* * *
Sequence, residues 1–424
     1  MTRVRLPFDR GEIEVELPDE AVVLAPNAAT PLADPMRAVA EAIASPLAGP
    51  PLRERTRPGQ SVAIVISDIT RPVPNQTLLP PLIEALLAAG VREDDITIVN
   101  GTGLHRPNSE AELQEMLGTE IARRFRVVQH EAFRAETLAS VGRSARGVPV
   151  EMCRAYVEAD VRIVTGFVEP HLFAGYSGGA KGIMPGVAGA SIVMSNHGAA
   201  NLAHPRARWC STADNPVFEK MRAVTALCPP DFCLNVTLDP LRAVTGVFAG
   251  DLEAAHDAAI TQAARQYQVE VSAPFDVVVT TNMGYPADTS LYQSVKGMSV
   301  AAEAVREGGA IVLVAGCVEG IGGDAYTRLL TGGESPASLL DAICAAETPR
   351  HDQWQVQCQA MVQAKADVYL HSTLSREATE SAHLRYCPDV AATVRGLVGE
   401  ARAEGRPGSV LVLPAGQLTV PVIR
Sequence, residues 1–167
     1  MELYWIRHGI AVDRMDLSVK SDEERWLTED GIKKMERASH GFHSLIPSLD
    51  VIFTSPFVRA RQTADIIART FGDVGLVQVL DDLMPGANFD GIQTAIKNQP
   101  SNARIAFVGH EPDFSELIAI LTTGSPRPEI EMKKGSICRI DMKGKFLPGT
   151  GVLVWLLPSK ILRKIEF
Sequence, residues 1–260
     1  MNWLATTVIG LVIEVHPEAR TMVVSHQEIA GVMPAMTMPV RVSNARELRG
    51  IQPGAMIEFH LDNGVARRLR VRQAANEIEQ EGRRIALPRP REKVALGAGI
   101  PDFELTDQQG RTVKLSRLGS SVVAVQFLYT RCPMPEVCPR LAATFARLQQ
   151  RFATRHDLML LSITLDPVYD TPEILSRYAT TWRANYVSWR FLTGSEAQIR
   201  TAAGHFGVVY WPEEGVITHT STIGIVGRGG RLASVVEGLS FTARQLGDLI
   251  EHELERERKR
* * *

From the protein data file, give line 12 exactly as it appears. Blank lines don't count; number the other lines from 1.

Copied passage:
     1  MELYWIRHGI AVDRMDLSVK SDEERWLTED GIKKMERASH GFHSLIPSLD